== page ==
Atmospheric fractional distillation, the first and core step in the refining process, uses heat to separate the numerous different hydrocarbon components present in oil into several fractions, depending on their boiling point. The first volatile products of the crude oil are gaseous hydrocarbons of one to four carbon atoms that were dissolved in the oil. Liquid petroleum gases (LPG) can be used as fuel or converted to useful chemicals. With increasingly higher boiling range and number of contained carbon atoms, the next fractions are gasoline, naphtha, jet fuel, kerosene, gas oil, and heating and fuel oils. Finally, the heaviest products with boiling temperatures above 600 °C, known as residual oil, can be separated into such individual constituents as coke, asphalt, tars, and waxes. Alternatively, it can be further processed by cracking to produce lighter fractions and maximize the output of the most desirable products such as gasoline and diesel fuel.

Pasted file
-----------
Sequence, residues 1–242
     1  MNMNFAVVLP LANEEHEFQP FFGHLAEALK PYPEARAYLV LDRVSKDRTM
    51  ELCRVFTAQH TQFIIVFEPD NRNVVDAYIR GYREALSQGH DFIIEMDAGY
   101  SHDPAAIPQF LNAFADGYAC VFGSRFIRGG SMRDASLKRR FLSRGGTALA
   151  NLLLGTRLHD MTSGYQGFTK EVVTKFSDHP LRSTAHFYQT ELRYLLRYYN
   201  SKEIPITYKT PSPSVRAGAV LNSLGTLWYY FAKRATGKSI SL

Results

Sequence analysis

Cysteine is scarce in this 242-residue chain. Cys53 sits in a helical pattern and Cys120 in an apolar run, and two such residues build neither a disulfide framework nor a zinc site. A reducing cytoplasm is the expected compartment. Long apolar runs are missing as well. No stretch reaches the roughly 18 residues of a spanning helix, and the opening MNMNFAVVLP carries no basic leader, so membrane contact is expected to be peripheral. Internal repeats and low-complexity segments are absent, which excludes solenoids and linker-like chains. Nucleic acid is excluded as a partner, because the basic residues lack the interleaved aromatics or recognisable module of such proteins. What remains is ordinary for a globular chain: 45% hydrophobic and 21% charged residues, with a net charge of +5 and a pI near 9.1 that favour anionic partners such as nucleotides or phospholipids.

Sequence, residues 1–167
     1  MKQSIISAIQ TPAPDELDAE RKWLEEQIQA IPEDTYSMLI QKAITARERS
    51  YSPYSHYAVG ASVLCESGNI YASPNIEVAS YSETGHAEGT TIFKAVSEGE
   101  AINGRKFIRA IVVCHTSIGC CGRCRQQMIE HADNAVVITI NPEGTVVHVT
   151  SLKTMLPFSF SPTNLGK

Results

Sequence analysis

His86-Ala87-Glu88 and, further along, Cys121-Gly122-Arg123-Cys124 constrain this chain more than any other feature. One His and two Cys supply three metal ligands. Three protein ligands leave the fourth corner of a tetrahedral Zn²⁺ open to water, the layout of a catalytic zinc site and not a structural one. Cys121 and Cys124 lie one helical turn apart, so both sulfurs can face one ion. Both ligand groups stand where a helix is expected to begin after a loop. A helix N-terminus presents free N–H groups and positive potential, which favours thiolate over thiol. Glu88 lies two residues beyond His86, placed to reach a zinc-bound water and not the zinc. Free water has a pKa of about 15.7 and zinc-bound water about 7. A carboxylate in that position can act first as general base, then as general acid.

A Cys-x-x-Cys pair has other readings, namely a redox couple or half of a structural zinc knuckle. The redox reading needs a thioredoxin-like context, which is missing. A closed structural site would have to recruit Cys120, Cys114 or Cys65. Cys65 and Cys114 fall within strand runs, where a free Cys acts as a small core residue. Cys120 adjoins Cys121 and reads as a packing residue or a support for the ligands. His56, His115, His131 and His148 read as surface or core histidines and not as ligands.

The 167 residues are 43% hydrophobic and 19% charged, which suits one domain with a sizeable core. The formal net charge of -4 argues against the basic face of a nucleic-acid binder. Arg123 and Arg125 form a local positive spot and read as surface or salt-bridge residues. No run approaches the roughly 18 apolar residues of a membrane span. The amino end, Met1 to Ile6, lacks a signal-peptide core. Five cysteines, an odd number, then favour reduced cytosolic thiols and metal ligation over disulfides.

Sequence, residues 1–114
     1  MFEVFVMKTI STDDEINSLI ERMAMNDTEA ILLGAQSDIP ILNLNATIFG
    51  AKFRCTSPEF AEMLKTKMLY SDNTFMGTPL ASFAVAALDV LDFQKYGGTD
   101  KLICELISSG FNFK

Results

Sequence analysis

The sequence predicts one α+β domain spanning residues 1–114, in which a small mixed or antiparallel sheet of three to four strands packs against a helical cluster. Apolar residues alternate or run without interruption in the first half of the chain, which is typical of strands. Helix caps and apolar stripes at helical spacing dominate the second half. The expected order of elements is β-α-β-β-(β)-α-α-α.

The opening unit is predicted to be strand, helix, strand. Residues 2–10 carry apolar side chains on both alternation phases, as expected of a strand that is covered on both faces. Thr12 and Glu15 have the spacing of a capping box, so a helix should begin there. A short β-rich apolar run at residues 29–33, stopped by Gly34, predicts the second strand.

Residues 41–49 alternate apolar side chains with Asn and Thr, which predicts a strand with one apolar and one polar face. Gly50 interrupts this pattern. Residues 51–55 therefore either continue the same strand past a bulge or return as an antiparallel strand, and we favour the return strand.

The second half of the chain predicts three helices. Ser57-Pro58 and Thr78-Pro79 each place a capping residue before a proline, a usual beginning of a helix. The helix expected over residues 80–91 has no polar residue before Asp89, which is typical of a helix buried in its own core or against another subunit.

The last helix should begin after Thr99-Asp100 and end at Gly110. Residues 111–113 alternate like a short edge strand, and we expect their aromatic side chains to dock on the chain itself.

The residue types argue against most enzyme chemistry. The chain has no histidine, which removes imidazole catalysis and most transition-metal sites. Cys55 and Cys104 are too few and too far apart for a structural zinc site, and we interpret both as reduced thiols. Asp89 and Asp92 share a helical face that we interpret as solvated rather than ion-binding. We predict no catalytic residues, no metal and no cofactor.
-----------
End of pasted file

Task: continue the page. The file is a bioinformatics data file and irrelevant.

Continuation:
After atmospheric distillation, the relative amounts of usable fractions obtained from crude oil do not coincide with the commercial needs, and therefore additional "downstream" processing is needed. In general, these processes are designed to increase the yield of lighter, higher-value products such as gasoline. Downstream operations include vacuum distillation, cracking, reforming, alkyla-tion, isomerization, and oligomerization.
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